• Plaxo moves away from social networking

    Plaxo, creators of the ever popular address book, recently announced that it is phasing out its social network features as the company prepares for a major relaunch which will shift the focus back to managing users address books and subsequently see Plaxo return to its grass roots. One of the biggest online management complexity issues is the increasing problem of how to keep contact information updated and relevant within the ever growing inter-connectedness of the web. This issue is of course not limited to the partial address books found in the social networking sphere and includes other web-based contact management applications, email...

  • Bubbling in the cauldron: Is Twitter a sign?

    “Double, double toil and trouble; Fire burn, and cauldron bubble,” chanted the witches of Shakespeare’s Macbeth, cooking up trouble. Similarly, are the VCs of Silicon Valley cooking up trouble by helping to fuel a new bubble? Valuations for venture backed companies are certainly higher than they’ve been in a long time but are we in a bubble? The answer seems to be no. At least, not yet. I spoke with veteran VC Bill Davidow: “When I look at companies such as Facebook, Zynga etc, I see high valuations but at least these companies have business models with proven revenues. Whether they...

  • Twitter use in Indonesia on the rise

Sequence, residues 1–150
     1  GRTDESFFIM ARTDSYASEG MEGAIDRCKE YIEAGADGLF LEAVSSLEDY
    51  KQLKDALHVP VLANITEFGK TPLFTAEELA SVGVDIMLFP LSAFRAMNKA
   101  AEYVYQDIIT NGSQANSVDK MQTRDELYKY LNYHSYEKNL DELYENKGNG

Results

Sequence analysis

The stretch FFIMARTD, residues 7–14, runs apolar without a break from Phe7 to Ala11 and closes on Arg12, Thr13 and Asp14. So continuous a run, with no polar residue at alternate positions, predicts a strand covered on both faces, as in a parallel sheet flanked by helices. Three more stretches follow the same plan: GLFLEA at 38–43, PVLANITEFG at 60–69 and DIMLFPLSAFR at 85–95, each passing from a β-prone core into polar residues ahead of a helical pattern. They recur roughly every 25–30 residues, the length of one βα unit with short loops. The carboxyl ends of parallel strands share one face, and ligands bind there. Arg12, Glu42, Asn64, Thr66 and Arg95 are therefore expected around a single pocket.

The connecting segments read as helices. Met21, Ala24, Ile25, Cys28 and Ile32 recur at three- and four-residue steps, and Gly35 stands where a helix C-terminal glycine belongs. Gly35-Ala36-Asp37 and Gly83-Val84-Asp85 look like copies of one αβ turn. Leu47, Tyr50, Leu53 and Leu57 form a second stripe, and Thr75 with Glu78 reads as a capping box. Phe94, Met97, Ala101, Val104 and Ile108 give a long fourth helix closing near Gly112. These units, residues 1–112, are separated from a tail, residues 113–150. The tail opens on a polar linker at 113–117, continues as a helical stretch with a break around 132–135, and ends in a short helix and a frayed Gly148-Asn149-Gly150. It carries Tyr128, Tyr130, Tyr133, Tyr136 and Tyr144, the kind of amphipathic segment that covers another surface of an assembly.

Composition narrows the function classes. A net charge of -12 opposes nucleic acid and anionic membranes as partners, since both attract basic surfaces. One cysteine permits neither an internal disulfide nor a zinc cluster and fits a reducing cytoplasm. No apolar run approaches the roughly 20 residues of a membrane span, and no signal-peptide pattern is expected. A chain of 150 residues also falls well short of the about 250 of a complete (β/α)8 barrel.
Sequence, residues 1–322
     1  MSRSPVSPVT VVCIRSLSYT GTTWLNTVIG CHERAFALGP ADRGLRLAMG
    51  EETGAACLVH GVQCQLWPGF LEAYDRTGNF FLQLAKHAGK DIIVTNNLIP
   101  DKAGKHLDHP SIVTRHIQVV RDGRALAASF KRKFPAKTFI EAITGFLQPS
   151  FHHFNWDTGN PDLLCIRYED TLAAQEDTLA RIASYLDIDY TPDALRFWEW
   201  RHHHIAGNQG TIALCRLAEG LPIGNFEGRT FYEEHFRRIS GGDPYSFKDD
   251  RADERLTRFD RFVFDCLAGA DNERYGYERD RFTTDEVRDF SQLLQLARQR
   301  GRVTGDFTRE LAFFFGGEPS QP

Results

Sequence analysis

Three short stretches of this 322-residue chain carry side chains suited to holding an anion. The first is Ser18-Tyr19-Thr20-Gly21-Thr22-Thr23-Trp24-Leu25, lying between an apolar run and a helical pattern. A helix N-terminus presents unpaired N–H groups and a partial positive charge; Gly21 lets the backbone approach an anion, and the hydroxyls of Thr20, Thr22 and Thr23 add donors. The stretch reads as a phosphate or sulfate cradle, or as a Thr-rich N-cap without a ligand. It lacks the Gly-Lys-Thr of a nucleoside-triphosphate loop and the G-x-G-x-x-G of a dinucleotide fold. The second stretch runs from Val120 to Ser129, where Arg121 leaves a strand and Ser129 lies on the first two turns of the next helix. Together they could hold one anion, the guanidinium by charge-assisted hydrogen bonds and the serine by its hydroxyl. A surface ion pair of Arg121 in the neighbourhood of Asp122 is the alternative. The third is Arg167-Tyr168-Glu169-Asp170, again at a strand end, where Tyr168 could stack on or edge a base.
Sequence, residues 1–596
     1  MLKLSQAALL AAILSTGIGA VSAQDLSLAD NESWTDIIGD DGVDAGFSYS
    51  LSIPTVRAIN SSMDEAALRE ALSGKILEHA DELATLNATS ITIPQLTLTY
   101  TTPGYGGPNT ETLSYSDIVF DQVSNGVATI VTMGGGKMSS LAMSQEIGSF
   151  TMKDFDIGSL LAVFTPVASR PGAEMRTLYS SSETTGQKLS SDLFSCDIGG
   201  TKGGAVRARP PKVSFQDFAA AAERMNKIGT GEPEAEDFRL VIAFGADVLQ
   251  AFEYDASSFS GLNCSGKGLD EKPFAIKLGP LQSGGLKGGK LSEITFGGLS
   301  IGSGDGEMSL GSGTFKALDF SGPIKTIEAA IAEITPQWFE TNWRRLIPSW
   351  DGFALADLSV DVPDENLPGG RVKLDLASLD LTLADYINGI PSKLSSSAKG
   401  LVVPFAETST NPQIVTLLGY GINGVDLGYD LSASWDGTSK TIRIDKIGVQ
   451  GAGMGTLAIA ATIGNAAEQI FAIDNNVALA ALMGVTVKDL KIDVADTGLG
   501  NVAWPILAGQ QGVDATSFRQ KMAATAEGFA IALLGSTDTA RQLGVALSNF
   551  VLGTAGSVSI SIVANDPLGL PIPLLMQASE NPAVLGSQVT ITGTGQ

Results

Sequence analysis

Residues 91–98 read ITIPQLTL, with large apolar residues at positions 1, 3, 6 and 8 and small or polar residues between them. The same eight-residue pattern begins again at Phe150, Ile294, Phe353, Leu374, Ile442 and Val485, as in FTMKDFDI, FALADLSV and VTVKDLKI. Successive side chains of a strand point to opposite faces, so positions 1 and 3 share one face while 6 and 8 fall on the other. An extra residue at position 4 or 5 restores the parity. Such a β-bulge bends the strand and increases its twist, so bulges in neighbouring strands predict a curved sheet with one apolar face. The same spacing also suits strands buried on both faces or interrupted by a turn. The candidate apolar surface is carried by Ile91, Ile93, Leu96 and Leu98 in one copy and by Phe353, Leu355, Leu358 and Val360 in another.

Indonesia is now the source of 15 percent of the world’s Tweets, coming in third place globally behind the US and Brazil, according to the below recent analysis by Saling Silang. Indonesia’s Tweets peak on Thursdays, but weekends are highly active… …On weekends, Indonesians send out more Tweets per person than at any other time during the week… …Not surprisingly, mobile Twitter clients are highly popular, particularly on Blackberry (Indonesians are obsessed with Blackberry)… …Indonesians share a great deal, re-Tweeting more than they Tweet…

  • Piracy is theft and you know it

    When my brother and I used to game on our beloved Commodore 64 back in the 80s we used to save our Eid money every year to buy new games at the Dion store. As far as we were aware, that was the only place where you could actually buy games. That system of saving up meant we were guaranteed at least two new games a year. If we were really lucky, my dad would add on a few bucks and we’d buy a compilation set, that had five or six games in a pack. That yearly ritual of...

  • MWEB launches uncapped hosting